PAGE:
Mar 27, 2023

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Scientific Reports volume 13, Article number: 3914 (2023) Cite this article

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Combining liquid fluidity and metallic conductivity, gallium–indium (Ga–In) alloys are making a splash in areas such as stretchable electronic circuits and wearable medical devices. Due to high flexibility, direct ink write printing is already widely employed for printing Ga–In alloys. Currently, pneumatic extrusion is the main method of direct ink write printing, but the oxide skin and low viscosity of the Ga–In alloys make it challenging to control after extrusion. This work proposed a method for direct ink write printing of Ga–In alloys utilizing micro-vibration-driven extrusion. Micro-vibration reduces the surface tension of Ga–In alloy droplets and avoids the appearance of random droplets during printing. Under micro-vibration, the nozzle tip pierces the oxide skin to form small droplets which have a high moldability. The droplet growth process is significantly slowed down by optimizing suitable micro-vibration parameters. Therefore, the Ga–In alloy droplets with high moldability can be maintained at the nozzle for a long period, which improves printability. Furthermore, better printing outcomes were obtained with micro-vibrations by choosing the proper nozzle height and printing speed. Experiment results demonstrated the superiority of the method in terms of Ga–In alloys extrusion control. With this method, the printability of the liquid metals is enhanced.

Gallium-based alloys, which are liquid metals with low melting points, are commonly used in flexible electronics1,2, materials synthesis3,4, stretchable electronics5,6, sensors7,8, and other areas due to their unique physical properties. The molding capabilities of Ga–In alloys are improved by combining 3D printing technology. However, Ga–In alloys are oxidized rapidly in the air to form a natural oxide skin which is a viscoelastic material9. The oxide skin dominates the rheological properties and reduces the surface tension10, which is the key to achieving Ga–In alloys printing11. In the pneumatic extrusion Ga–In alloys 3D printing process, the oxide skin causes large Ga–In alloy droplets at the nozzle, decreasing moldability12. Then, the extrusion process is difficult to control. The difficulty of controlling extrusion makes Ga–In alloys generate random-sized droplets during the printing process. These random-sized droplets will affect the requirements of resolution13,14 and conductivity15 of the printed structure. Hence, many researchers have proposed methods to avoid the creation of random-sized droplets. Three methods are adopted to assist the pneumatic extrusion of liquid metals.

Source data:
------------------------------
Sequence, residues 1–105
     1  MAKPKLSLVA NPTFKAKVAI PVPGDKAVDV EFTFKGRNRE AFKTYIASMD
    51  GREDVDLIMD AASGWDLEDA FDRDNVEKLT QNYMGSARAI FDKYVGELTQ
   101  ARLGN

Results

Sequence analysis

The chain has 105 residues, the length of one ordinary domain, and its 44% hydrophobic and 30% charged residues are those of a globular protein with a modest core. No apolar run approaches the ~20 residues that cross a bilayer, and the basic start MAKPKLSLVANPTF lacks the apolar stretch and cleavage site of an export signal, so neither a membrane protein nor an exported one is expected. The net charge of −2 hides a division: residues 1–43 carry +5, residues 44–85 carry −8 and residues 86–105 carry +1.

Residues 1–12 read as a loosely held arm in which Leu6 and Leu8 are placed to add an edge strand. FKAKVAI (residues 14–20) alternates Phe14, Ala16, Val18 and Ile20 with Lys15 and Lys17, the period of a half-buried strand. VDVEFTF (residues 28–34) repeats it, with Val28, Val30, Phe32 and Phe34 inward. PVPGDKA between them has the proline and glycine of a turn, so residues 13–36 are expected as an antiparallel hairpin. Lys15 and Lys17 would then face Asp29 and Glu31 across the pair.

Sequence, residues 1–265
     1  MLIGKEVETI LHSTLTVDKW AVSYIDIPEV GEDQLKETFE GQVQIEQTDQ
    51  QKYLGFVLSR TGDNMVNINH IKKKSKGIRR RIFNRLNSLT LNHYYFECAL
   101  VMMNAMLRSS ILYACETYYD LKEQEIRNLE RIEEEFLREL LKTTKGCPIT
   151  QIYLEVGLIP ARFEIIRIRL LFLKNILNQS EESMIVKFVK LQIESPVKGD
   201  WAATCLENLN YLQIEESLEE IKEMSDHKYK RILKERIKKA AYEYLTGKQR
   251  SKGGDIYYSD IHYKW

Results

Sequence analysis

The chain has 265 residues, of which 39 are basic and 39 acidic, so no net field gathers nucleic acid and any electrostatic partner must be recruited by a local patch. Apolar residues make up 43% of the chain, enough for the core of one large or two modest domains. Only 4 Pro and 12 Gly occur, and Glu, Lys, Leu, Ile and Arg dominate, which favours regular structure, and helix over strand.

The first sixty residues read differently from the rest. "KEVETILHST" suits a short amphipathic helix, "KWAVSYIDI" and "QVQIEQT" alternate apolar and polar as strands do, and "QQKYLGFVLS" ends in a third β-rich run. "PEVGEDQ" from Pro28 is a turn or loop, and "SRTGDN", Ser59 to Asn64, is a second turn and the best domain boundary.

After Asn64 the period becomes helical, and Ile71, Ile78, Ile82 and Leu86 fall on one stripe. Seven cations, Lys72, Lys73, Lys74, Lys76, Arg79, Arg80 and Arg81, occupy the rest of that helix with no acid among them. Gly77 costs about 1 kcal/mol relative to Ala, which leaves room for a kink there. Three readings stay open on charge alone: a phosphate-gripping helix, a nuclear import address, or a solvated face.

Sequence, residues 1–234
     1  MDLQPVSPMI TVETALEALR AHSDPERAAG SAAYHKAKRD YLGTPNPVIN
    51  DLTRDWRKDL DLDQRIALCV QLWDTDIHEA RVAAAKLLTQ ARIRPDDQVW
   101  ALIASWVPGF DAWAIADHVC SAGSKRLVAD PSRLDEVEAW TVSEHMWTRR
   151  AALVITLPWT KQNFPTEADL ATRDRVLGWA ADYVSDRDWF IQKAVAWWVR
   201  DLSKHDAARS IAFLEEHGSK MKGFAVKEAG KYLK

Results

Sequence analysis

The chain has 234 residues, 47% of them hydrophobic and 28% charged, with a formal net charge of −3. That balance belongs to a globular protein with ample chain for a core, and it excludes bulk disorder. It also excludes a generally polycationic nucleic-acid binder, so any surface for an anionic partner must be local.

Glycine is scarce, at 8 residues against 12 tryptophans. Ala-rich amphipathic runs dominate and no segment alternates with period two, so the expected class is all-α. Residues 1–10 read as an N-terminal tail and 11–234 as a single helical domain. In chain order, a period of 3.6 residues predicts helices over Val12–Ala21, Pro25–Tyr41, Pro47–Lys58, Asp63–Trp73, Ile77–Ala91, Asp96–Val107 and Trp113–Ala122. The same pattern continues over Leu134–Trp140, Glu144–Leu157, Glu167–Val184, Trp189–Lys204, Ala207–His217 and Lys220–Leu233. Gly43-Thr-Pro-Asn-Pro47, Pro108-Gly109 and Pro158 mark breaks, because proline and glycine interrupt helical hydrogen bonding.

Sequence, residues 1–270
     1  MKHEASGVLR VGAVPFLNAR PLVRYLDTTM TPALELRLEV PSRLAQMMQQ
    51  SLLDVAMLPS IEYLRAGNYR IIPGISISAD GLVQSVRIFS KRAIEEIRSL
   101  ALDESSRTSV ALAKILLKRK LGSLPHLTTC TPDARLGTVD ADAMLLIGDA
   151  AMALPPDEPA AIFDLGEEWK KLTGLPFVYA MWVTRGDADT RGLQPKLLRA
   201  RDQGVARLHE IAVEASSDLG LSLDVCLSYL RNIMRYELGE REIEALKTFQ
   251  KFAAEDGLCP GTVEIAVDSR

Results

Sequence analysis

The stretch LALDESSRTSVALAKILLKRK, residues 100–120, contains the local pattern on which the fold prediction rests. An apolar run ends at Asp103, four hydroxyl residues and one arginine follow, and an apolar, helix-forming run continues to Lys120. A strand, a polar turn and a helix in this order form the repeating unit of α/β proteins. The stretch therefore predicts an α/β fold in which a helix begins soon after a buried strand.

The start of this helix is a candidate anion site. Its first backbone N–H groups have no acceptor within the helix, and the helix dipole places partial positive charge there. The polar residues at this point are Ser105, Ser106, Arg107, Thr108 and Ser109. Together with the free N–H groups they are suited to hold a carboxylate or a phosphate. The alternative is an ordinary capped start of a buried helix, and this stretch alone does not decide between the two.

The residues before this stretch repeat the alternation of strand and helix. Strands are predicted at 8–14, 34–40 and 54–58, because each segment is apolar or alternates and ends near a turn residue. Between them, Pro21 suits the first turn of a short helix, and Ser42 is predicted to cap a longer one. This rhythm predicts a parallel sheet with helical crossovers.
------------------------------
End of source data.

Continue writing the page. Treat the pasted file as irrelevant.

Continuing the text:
The printing is realized by breaking the oxide skin through an external force. Cook et al.16 proposed that the droplets were extruded but not dropped by precisely controlling the extrusion pressure, and the shear force between the droplets and the substrate was used to adhere the liquid metals to the substrate. Ladd et al.17 ruptured the oxide skin by tensile force to form free-standing liquid metal wires. However, the method of destroying the oxide skin by external force usually puts forward higher requirements for the printing process, such as precise control of nozzle height. The rheological characteristics of liquid metals were changed by combining metallic or nonmetallic materials, enabling the liquid metal to keep its shape even after extrusion. Wu et al.14 proposed a liquid microgel ink by mixing sodium alginate microgel, which reduced the enormous surface tension and enhanced the adhesion performance. Chan et al.13 suggested a recyclable and reversible liquid metal paste by combining SiO2 particles, which improved the adhesion properties of liquid metals. According to Daalkhaijav et al.18 adding conductive nano- or micro-nickel materials to liquid metals would improve their elastic modulus and yield stress, and enable 3D printing. The problem of precise control of extruded liquid metal can be effectively solved by adding other materials, but the application is also limited by the added materials. Coaxial co-extrusion printing was reached by redesigning the nozzle's mechanical structure. To obtain a continuous and stable liquid metal flow, Khondoke et al.19 developed a coaxial co-extrusion nozzle that could wrap liquid metal in a thermoplastic elastomer and extrude it together. Wu et al.20 suggested a coaxial nozzle with the inner nozzle extension to wrap and extrude liquid metal steadily and effectively, which could acquire multi-resolution liquid metal printing. But the 3D structure cannot be printed by stacking liquid metal droplets with this method. The above method partially solves the problem of oxide skin in the process of liquid metal printing, but the printing process, materials or liquid metal formed structures are limited to some extent. In order to reduce the influence of oxide skin on printing results without limiting the material or process, we proposed a micro-vibration driving 3D printing method for liquid metal extrusion. Using this method, oxide skin of the droplet is broken when the droplet does not expand to a sufficient size. This method will effectively avoid the occurrence of random droplets in the printing structure.